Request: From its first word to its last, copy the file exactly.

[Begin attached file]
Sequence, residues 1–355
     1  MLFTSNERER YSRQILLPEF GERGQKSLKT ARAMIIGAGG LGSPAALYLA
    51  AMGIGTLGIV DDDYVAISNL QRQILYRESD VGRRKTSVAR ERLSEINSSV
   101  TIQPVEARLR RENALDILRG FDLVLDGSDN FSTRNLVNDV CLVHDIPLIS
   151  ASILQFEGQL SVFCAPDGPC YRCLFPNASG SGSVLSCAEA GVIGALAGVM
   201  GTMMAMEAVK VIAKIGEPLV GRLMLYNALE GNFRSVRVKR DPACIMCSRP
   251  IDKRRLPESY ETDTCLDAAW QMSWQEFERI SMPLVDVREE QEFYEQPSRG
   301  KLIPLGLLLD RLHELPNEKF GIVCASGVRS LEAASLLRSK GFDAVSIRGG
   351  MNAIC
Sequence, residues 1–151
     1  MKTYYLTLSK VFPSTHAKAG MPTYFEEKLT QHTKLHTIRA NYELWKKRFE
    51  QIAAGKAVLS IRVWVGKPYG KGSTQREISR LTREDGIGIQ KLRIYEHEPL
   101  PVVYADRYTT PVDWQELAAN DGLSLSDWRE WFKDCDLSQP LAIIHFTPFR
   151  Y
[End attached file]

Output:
Sequence, residues 1–355
     1  MLFTSNERER YSRQILLPEF GERGQKSLKT ARAMIIGAGG LGSPAALYLA
    51  AMGIGTLGIV DDDYVAISNL QRQILYRESD VGRRKTSVAR ERLSEINSSV
   101  TIQPVEARLR RENALDILRG FDLVLDGSDN FSTRNLVNDV CLVHDIPLIS
   151  ASILQFEGQL SVFCAPDGPC YRCLFPNASG SGSVLSCAEA GVIGALAGVM
   201  GTMMAMEAVK VIAKIGEPLV GRLMLYNALE GNFRSVRVKR DPACIMCSRP
   251  IDKRRLPESY ETDTCLDAAW QMSWQEFERI SMPLVDVREE QEFYEQPSRG
   301  KLIPLGLLLD RLHELPNEKF GIVCASGVRS LEAASLLRSK GFDAVSIRGG
   351  MNAIC
Sequence, residues 1–151
     1  MKTYYLTLSK VFPSTHAKAG MPTYFEEKLT QHTKLHTIRA NYELWKKRFE
    51  QIAAGKAVLS IRVWVGKPYG KGSTQREISR LTREDGIGIQ KLRIYEHEPL
   101  PVVYADRYTT PVDWQELAAN DGLSLSDWRE WFKDCDLSQP LAIIHFTPFR
   151  Y